WELL, it’s been great gardening weather and (with lighter nights) a great time to complete a lot of tasks, although one I started over Christmas is still keeping me busy!

That task is seed sowing. Most of my sowing has been under cover and using heated seed propagators, but now, given the warm weather, I’ve been able to prepare a few seed beds in the veg garden to directly sow some brassicas such as cabbage and cauliflower and have also begun direct sowings of beans and peas.

I’m still busy pricking off several seedlings which have been germinated by my heated propagator, particularly my tomato seedlings which I have potted up into 9cm pots. I’m growing two types – the cordon varieties Nimbus and an old favourite called Alicante, along with tumbling varieties Tom Red and Tom Yellow.

Cordon varieties are those grown with a single stem and normally supported with a cane – you pinch out the side shoots as they develop, growing to around 1.5metres and producing around five to six trusses. Tumbling varieties are those which are low growing, though bushy in habit and ideal for growing in baskets where it will tumble down the side of the basket, hence the name.

These varieties don’t need their side shoots removing, and as such they tend to produce many more flower trusses, with smaller fruits called cherry tomatoes.

The tomato is – of course – a fruit as it contains the seeds of the plant. However, in cooking, the tomato is often referred as a vegetable because its used in savoury dishes rather than sweet dishes.

Rhubarb has the same confusion as its red stems – which are often referred as the fruits and are used in sweet dishes – actually mean it is a vegetable.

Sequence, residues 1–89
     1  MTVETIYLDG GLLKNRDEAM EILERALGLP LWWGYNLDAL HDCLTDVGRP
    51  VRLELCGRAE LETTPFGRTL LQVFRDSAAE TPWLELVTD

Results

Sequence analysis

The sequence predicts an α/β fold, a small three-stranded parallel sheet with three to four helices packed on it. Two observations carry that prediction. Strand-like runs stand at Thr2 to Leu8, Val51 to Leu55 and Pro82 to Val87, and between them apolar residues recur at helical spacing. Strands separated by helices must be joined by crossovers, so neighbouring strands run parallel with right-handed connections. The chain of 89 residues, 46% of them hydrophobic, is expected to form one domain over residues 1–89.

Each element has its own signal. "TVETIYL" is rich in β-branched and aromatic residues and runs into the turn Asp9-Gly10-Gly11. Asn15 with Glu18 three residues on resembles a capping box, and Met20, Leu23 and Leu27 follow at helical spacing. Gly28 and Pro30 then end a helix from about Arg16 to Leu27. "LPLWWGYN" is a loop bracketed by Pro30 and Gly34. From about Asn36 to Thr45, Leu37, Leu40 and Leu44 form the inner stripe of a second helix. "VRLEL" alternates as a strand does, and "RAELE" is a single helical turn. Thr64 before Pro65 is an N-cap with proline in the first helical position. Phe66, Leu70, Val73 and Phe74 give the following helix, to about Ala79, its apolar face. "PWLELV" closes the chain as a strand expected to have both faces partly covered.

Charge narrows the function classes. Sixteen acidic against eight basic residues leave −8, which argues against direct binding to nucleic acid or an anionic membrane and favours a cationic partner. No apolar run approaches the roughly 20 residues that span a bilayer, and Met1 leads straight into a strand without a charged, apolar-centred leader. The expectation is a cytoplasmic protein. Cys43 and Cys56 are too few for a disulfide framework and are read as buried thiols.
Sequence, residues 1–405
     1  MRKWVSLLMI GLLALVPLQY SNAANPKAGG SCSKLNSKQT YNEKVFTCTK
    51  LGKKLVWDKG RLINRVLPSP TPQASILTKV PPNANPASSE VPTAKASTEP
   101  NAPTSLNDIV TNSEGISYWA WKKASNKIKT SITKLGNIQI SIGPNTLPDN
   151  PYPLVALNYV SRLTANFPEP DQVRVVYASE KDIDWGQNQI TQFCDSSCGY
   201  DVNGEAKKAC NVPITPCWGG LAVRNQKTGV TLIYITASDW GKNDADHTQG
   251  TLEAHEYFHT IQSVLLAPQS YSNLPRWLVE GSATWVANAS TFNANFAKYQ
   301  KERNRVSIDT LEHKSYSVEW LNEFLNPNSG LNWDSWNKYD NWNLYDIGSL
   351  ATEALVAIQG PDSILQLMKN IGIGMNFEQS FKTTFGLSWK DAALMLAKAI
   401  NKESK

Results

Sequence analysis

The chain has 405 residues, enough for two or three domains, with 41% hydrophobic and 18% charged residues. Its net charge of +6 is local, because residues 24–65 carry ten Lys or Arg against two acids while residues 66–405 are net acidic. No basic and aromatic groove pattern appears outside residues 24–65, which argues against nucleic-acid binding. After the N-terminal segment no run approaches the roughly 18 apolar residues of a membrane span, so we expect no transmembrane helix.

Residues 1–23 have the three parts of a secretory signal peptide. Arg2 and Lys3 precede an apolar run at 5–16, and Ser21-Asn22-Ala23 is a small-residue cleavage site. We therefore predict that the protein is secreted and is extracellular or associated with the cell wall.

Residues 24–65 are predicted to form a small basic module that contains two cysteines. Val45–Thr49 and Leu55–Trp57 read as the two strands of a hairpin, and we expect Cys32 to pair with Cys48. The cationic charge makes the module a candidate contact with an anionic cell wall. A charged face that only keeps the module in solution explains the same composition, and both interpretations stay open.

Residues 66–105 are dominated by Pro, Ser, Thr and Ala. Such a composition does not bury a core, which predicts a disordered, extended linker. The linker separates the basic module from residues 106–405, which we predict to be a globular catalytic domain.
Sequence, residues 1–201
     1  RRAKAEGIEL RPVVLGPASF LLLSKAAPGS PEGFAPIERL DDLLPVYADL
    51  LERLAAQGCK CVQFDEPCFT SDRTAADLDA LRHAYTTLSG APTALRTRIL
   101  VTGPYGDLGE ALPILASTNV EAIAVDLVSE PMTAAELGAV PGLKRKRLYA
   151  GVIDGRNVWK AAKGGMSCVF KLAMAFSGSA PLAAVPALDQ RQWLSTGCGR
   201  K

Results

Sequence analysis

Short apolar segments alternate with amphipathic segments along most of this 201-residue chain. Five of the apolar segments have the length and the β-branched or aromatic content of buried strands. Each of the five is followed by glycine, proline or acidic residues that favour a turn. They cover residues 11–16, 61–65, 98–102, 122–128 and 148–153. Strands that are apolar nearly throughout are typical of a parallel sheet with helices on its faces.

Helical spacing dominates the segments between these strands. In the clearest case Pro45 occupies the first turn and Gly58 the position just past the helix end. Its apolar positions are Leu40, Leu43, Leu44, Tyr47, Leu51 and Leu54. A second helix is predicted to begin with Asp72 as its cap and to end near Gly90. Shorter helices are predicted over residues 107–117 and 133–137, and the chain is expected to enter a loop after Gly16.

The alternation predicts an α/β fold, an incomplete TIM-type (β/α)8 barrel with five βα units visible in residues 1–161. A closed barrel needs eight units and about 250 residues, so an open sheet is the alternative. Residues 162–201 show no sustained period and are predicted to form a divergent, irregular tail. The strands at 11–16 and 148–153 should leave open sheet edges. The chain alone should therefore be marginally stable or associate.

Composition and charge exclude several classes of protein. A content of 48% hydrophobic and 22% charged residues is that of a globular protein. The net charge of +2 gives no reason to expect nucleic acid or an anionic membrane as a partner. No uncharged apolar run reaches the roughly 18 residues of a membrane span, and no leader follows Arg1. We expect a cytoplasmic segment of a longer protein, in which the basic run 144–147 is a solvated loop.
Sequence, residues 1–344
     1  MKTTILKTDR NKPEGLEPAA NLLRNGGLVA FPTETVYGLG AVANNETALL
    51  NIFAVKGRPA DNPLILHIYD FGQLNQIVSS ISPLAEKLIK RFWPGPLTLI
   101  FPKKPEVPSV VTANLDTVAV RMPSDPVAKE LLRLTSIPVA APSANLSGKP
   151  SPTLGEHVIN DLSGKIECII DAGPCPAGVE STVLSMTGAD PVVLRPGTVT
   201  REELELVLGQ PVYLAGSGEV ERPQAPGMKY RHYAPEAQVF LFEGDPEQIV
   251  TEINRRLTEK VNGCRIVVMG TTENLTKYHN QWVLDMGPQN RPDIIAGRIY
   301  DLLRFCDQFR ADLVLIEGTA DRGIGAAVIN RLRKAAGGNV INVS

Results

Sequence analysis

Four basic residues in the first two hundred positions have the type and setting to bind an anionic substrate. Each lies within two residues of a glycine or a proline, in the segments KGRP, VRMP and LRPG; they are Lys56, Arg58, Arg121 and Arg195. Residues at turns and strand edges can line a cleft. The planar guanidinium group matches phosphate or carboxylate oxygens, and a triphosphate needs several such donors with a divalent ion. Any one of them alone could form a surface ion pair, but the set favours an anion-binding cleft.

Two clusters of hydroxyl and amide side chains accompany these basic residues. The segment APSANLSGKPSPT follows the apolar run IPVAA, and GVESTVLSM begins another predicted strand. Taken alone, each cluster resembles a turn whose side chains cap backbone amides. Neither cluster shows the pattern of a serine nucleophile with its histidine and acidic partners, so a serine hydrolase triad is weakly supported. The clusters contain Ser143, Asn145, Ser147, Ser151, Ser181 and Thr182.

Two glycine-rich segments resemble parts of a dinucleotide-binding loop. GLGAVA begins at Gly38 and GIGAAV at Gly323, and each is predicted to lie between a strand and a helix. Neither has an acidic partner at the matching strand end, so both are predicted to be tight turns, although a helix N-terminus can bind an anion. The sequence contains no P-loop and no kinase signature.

Back to tomatoes. There are many varieties to choose from – almost too many! Most are grown as cordon, either under cover or outdoors. Tumbling varieties are becoming popular for growing in baskets or pots on the patio, and the beefsteak types which produce huge size tomatoes. The fruiting colour of tomatoes is just as varied, and although we mostly see them in red, tomato fruits do come in many other colours, ranging from yellow to black, and there are even bi-coloured tomatoes, such as Green Zebra.

The shape of the tomato can vary enormously. Most common is the salad tomato, followed by the cherry tomato and other shapes include the plum and the beefsteak I mentioned earlier. However, other odd-shaped tomatoes include torpedo (such as Casady’s Folly) and pear-shaped (such as Yellow Pear and Red Pear).

Regardless of what type of tomato you wish to grow, they all start off as seeds which need germinating – and if you haven’t done so there is still time to sow. Ideally this should be done indoors, in a pot on the windowsill or using a heated propagator where germination will be quick, normally around five to seven days. When large enough to handle they need to be picked off into 9cm pots using a good compost and grown on under cover/ frost free for a few weeks. there’s no need to feed them at this stage.

If you are growing in a greenhouse or poly tunnel, these can be planted into grow bags or large tomato pots at the beginning of May, and outdoor varieties around the end of May.

Whether growing under cover or outdoor, tomatoes do require a lot of watering, particularly if growing in pots. They also like it humid which helps the plant to set fruit. If tomatoes are not watered correctly they suffer from blossom end rot, when the fruit develops a black patch as its forming. Aphids can also be a nuisance – organic sprays, such as natural Pyrethrum, will help to control them.

Feeding is also important, and you should start feeding them when you see small fruits forming on the first-flowering trusses. As the tomato plants mature, remove leaves which show signs of yellowing as they age, and this will also allow more air and light around the fruit to help ripening.